Downtown Niagara Falls BIA

We want to hear from you! The City of Niagara Falls is seeking input from the Downtown business community regarding the reformation of a Business Improvement Area (BIA).

Downtown Niagara Falls is typically defined as the area encompassing historic Queen Street and is home to a diverse mix of retail, restaurant, entertainment and professional service businesses.

In 1972, a bylaw was passed that established a Downtown Business Improvement Area (BIA). At that time, a Board of Management was created and entrusted with certain powers to enhance the streetscaping and to promote the designated area as a business or shopping area.

In 2023, the bylaw establishing a Downtown BIA was repealed and City staff were directed to explore options for the potential reformation of a BIA after consultations with the members of the downtown business community.

Groups of individuals with a shared interest in enhancing a commercial district typically have two options for creating a membership-led and funded organization: Business Improvement Areas (BIA) or Merchants Associations.

A Business Improvement Area (BIA) is a “made-in-Ontario” innovation that allows local business people and commercial property owners and tenants to join together and, with the support of the municipality, to organize, finance, and carry out physical improvements and promote economic development in their district. Traditionally, a BIA is a body established by a municipality using the specific business improvement area provisions in the Municipal Act, 2001.

The general functions of a BIA are to:

  • Oversee the improvement, beautification and maintenance of municipally-owned land, buildings and structures in the area beyond that provided at the expense of the municipality generally.
  • Promote the area as a business or shopping area.

These BIA functions are generally funded by a special levy within the boundaries of the BIA. It is paid in most cases by owners of property designated as industrial or commercial, and their tenants. There is no opt out option, reflecting the principle that all who benefit should be required to bear their fair share of the cost of the program. This arrangement provides a secure source of funding for BIA activities.

Because BIAs are regulated by the Municipal Act, municipalities have a significant role in their creation and financial monitoring. A municipal bylaw is required to create a BIA and budgets are submitted to Council for approval. Once a budget is approved, a levy is collected by the municipality and funds are disbursed by the municipality to the board.

A Merchants Association is an independent, non-profit organization that offers a flexible structure for a variety of functions, which could include many functions traditionally fulfilled by a BIA. When incorporated, a Merchants Association is subject to the Ontario Not-for-Profit Corporation Act or the Canada Not-For-Profit Corporations Act. A Merchants Association may also be referred to as a Downtown Development Association, Community Development Organization, Business Association or go by other similar names.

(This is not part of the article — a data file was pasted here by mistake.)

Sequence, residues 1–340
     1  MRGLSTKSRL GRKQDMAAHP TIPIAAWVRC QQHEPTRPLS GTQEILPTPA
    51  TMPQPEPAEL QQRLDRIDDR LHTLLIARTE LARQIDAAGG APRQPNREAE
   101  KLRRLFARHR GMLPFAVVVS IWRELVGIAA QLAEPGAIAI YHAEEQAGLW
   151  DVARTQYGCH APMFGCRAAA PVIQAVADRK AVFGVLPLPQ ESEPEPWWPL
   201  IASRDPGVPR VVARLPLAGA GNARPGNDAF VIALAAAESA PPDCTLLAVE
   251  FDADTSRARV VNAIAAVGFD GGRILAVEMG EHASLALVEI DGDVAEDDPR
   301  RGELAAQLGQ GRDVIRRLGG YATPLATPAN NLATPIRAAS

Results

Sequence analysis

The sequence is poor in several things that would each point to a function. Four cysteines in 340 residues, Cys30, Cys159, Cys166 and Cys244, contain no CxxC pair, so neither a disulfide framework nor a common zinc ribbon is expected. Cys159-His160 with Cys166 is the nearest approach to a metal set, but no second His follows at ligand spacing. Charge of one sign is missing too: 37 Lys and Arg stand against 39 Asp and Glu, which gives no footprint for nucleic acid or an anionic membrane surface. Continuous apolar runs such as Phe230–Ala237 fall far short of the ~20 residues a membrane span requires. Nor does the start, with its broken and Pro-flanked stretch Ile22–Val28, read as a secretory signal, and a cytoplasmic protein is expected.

Merchants Associations are generally funded by voluntary payments made by members. It is up to the Association to determine who its members are and what the membership fee will be. The Association is responsible for recruiting members and establishing mechanisms to collect the membership fee. This is a significant difference from a BIA. While voluntary membership fees allow uninterested property owners to opt-out, it can also make funding less secure.

Unlike a BIA, a Merchants Association has no municipal oversight and there is no inherent municipal support. Associations are governed by Boards of Directors that are elected by the members.

There are several services that have traditionally been funded and managed by a BIA that are unlikely to continue if no organization exists.

These services include, but are not limited to:

  • Seasonal flower installation and maintenance (i.e bollards, hanging planters)
  • Street banner programs
  • Christmas lights and decorations
  • Holiday parking promotions
  • Street speaker system
  • Support for street events
  • Downtown destination marketing (i.e. social media, eat local passport, etc.)
  • Maintenance of municipally-owned structures (i.e. arches, waste receptacles, etc.) beyond that provided at the expense of the municipality

City staff play a support role by facilitating opportunities for members of the downtown business community to provide input. If a group of stakeholders are interested in the potential recreation of a BIA, City staff are available to advise on the traditional steps to creating a BIA.

City staff do not decide whether a BIA or Merchants Association is created. For a BIA to be considered, a group of leaders from the downtown business community typically form a steering committee that establishes a set of preliminary goals and objectives. If the committee can obtain sufficient support for a BIA, the group may formalize a request to the municipality, which would then follow an established process and rules before passing a bylaw to designate the proposed area as a BIA. A notification period is required, which offers an opportunity for stakeholders to object to the proposal.

There is no formalized process for creating a Merchants Association that involves the municipality, though members of an Association may voluntarily engage with City Staff and/or Council.